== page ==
What about the ATS record in that time?
Well boy am I glad you asked.
With so many underdog victories, we know that favorites aren’t covering very often. but what is remarkable is how often they do cover when they win. Again, just one Super Bowl in the last decade has ended with a favorite winning but not covering (the Cardinals ran the Steelers close in 09 before the Santonio Holmes circus grab to win it).
That spread was -6.5 in favor of the Steelers, and there has not been a higher spread since. In fact, the opening line in this year’s game (-5.5 to the Pats) would have been the highest, however that came in to 4.5 and as low as 4.
What does this tell us? Well, statistically, our best ATS bet is likely the team we think will win. The chances of it being a Pats win and an Eagles cover are very slim indeed. That’s not to say it can’t happen (all patterns are broken), but it’s something to be aware of before assuming it will be close. The more that line comes in, the more that rings true.
Analyzing the Teams
It’s tempting to call the Eagles a team of two seasons. When Carson Wentz tore his ACL in week 14, I was actually quite positive about his replacement Nick Foles, picking the Eagles to beat the spread against the Giants, which they promptly did.
They say, however, that familiarity breeds contempt. Ok, maybe contempt is a strong word, but the reason that the Eagles were such big underdogs in the Divisional Round against Atlanta was that Foles was deeply unimpressive against Oakland and Dallas in the end-of-season run-outs he got.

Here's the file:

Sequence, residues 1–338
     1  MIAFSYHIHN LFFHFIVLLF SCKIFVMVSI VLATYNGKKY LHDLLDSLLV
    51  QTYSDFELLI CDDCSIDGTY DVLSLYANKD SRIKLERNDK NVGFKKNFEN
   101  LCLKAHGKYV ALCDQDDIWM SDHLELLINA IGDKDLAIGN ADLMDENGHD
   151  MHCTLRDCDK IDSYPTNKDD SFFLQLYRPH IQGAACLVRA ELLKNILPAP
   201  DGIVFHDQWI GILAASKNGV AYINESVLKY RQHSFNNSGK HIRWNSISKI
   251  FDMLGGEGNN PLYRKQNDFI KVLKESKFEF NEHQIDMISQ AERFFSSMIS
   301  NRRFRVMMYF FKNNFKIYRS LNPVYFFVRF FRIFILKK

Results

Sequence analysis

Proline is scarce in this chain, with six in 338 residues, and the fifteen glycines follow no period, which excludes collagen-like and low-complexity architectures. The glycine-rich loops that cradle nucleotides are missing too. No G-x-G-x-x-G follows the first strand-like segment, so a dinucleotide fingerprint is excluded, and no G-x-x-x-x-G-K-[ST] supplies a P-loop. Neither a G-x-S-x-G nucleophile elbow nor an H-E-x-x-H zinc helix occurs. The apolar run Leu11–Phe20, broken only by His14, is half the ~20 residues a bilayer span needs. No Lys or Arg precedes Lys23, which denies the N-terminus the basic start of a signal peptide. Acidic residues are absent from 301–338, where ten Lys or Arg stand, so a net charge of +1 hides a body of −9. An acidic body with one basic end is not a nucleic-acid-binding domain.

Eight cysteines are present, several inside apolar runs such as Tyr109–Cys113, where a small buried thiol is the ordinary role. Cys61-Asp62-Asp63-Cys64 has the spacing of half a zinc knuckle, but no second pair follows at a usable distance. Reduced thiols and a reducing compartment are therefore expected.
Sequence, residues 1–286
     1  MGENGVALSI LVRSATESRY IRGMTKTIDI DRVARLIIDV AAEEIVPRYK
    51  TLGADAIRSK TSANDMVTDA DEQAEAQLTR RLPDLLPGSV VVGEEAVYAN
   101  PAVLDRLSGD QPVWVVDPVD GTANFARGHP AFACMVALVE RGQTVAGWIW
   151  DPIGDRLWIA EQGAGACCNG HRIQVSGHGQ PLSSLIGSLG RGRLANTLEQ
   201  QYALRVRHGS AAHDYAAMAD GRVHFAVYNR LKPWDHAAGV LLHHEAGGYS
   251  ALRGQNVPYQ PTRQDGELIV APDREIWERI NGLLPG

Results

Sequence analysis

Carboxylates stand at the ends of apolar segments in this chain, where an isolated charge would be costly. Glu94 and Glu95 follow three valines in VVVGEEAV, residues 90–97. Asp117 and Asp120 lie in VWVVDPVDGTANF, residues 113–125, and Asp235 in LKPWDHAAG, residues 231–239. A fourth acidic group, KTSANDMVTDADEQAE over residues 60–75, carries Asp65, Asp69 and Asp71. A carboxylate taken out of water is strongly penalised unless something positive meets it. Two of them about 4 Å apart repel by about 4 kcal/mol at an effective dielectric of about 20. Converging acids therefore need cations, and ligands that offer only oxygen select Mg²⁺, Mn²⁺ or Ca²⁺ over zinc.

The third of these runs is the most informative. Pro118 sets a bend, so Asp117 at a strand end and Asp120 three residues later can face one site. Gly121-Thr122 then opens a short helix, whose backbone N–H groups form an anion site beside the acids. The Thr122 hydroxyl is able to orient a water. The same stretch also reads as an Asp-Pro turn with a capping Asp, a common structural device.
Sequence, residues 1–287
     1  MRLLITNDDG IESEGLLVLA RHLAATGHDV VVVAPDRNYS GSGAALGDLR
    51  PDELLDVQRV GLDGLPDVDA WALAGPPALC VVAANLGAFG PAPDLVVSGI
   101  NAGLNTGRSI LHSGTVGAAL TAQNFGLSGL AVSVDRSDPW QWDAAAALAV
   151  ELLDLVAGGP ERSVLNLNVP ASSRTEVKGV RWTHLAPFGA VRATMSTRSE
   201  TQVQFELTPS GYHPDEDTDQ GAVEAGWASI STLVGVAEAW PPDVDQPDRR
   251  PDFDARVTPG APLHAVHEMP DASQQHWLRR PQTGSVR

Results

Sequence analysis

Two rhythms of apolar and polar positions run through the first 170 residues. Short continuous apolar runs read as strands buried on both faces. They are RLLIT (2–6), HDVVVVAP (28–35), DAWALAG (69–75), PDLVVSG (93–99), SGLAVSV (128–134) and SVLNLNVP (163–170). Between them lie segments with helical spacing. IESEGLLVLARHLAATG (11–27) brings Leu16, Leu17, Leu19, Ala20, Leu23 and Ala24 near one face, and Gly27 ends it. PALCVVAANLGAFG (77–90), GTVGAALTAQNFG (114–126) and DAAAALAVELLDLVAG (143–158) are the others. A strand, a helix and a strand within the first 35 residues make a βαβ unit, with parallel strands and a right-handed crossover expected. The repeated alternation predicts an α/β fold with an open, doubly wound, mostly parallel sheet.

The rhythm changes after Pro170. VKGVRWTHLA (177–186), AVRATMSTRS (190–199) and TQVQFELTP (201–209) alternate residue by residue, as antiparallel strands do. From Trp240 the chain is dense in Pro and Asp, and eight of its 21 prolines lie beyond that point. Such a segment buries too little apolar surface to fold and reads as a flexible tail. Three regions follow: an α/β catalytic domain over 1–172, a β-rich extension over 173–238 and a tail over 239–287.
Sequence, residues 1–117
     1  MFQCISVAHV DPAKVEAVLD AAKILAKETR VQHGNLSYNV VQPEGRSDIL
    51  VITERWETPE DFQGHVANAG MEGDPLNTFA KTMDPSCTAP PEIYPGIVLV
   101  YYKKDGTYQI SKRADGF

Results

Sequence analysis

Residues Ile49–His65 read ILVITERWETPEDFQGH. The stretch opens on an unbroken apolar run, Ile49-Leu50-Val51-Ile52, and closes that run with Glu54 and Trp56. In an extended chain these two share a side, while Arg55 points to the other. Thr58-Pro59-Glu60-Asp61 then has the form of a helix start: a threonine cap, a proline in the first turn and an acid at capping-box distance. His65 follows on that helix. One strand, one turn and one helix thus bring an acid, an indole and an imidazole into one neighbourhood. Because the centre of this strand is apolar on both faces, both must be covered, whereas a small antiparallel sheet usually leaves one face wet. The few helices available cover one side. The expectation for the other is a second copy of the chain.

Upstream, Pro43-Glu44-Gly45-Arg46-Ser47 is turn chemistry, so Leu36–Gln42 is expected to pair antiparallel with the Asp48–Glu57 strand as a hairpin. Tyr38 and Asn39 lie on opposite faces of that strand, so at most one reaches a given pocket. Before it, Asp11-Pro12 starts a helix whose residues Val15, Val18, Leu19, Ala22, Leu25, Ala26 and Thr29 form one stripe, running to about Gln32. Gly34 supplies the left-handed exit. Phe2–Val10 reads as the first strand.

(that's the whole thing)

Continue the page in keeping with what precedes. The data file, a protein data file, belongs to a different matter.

Foles proved us doubters wrong, however, by engineering not only an upset against the Falcons, but a staggeringly clinical shellacking of the best defense in the NFL – Minnesota – in the NFC title game. His performances in those two games have made picking the Super Bowl incredibly difficult, but in simple terms, here’s the one lesson I think is important:
Judge the Eagles as a team
Before I started my statistical research in our database of predictive information, I had an idea in my mind: ‘The only games that matters are the ones that Nick Foles started’. That was my mindset, that the differences between Wentz and Foles were so great that it was useless to compare the Eagles of the first 13 games with the Eagles of the last 5 games. But the more I considered it, the more I knew that was incorrect.
First off, we assume Wentz was better than Foles, which is correct, but to what degree. Foles is not a scrub, and in fact he and Wentz have almost identical passer ratings throughout their careers (Wentz 88.7, Foles 87.4), so the drop-off is not as acute as we might assume.
Secondly, and perhaps most tellingly of all, Foles has actually played incredibly well in 3/5 starts, with his worst game being the end of season dead rubber against the Cowboys, which perhaps skews his stats unfairly given the eventual outcome flattered neither team as entire units. Foles has 3 games out of the other 4 starts where his passer rating was in triple digits, and his TD to INT ratio for the season is 8:2.
But again, this is really just the foundation, because what our analysis of Foles is really telling us – with the greatest of respect to Foles – is that we can ignore him. Yes, Foles is good enough that we do not have to compartmentalize the Eagles’ season into two sections, which is good news for all of us, because our sample data is massively increased.